StationBreak February 2015

Black History Month and Presidents' Day

February encompasses several national observances honoring black history and culture and U.S. presidents. This edition of StationBreak focuses on Black History Month, highlighting many great resources for teaching about the various ways in which African-Americans have forged a place in our country's history.

Featured resources this month include professional development courses from the Arkansas History and Social Studies libraries, such as African-American History in Arkansas and The Edge of Conflict: Arkansas in the Civil War; relevant AETN programming, such as the Colonial Williamsburg Electronic Field Trip series, The Road to Little Rock, and Hoxie: The First Stand; and relevant AETN PBS LearningMedia resource collections, which include lesson plans, media galleries, and videos you can use in your classroom.

Feb. 1 - National Freedom Day
Feb. 8 - Boy Scout Day
Feb. 12 - Abraham Lincoln's Birthday
Feb. 14 - Valentine's Day

Feb. 16 - Presidents' Day
Feb. 19 - Chinese New Year
Feb. 22 - George Washington's Birthday
Feb. 28 - National Tooth Fairy Day

StationBreak informs you about upcoming AETN programming, professional development opportunities from ArkansasIDEAS, and educational resources from AETN and AETN PBS LearningMedia.

News from ArkansasIDEAS

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IDEAS: African American History in Arkansas - Episode 1: Legislators in Arkansas, Post-Civil War to Present
This course details the history of African-Americans in the Arkansas legislature from early African-American legislators to civil rights era legislators to the present day.

IDEAS: African American History in Arkansas - Episode 2: African Americans in the Military, The American Revolution to World War I
This course will cover the history of African-Americans in the US military from the American Revolution through World War I. It explores the contributions of African-American soldiers, their struggles in earning the right to fight, and the greater issues surrounding these struggles.

IDEAS: African American History in Arkansas - Episode 3: African Americans in the Military, 1941 to Present
This course delves into the history and issues surrounding African-American military service during WWII until the present time. We will look at the contributions of African-American soldiers during WWII, the issues surrounding desegregation, and the turmoil during the Vietnam Conflict. The final section will address our racially diverse military of today.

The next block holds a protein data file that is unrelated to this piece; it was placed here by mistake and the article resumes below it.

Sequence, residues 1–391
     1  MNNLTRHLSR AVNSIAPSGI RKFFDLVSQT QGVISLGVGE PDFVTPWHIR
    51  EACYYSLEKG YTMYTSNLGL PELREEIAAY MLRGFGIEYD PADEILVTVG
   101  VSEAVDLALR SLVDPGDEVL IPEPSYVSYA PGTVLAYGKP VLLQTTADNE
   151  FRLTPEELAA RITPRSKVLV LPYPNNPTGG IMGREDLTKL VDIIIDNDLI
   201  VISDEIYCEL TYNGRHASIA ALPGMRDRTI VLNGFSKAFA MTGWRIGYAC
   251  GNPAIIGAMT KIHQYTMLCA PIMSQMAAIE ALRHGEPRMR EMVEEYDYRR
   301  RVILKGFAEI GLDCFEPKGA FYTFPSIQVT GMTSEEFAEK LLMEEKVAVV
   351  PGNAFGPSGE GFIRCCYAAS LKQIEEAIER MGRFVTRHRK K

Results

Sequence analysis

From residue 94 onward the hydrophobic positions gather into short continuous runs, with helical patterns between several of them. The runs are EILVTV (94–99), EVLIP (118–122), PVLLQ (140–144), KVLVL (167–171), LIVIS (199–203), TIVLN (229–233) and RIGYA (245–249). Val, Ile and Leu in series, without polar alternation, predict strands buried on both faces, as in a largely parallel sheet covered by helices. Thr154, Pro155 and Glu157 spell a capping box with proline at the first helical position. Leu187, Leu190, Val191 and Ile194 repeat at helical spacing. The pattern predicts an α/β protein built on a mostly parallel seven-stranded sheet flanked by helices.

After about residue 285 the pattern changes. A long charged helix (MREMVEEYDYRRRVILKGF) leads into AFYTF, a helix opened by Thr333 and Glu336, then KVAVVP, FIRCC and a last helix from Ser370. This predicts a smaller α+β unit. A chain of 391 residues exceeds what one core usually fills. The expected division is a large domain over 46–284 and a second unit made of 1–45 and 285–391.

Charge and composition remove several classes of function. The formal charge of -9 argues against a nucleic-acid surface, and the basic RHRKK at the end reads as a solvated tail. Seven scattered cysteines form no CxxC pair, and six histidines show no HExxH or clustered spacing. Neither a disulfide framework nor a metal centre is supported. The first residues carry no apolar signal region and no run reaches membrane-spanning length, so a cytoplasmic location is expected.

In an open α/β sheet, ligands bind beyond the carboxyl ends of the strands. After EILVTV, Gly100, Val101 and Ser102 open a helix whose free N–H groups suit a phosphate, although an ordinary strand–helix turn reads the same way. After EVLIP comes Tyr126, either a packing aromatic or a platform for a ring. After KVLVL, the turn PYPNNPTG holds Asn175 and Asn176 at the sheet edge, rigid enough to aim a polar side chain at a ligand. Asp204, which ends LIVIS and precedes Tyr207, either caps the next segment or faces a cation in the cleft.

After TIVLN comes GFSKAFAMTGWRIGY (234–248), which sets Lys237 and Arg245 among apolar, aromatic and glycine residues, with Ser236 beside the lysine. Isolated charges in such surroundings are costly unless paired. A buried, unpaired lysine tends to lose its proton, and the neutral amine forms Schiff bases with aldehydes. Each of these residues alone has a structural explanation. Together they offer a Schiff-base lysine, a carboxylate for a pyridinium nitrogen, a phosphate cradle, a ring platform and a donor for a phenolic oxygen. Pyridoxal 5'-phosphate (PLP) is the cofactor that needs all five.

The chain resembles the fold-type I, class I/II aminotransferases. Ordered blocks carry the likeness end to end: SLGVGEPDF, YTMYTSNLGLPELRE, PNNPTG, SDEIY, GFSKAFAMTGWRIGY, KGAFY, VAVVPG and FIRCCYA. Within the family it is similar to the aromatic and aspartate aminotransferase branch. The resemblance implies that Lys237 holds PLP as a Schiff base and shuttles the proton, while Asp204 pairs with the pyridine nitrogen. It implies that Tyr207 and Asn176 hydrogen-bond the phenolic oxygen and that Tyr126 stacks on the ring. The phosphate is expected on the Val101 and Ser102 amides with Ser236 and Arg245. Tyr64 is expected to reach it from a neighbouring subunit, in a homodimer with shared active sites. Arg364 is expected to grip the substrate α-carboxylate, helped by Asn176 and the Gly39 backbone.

IDEAS: African American History in Arkansas - Episode 4: African American Teachers in Arkansas, 1865 to Present
This course offers a brief history of the African-American educators in Arkansas from the post-Civil War era to the present. From the first African-American teacher in Arkansas to the current African-American leaders in education, this documentary gives an overview of African-American history in the world of education.

IDEAS: African American History in Arkansas - Episode 5: The Mosaic Templars
This course offers a brief history of the fraternal order known as the Mosaic Templars. John Bush and Chester Keats founded it in the late 1800s to create an opportunity for African-Americans to have a proper burial with dignity and a tombstone. In 1937, the Mosaic Templars came to an end due to the Great Depression. Still, their history lives on through people like Jajuan Johnson and through the museum, which was constructed in Little Rock in the original building used by the Templars. Many believe that the Templars were the forefathers of the Civil Rights Movement and that they share an important part in both African-American and Arkansas History.

UCA: The Crisis Mr. Faubus Made: The Role of the Arkansas Gazette in the Central High Crisis
This course details the integration of Little Rock Central High School in 1957 and the roles of Governor Orval Faubus and the Arkansas Gazette during the event. It outlines the series of events that led to Federal troops being enlisted to guard Central High. Clark Documentary Productions and Dr. Donna Lampkin Stephens, director of communications and public relations at the University of Central Arkansas, cooperatively produced the video segments contained within this course.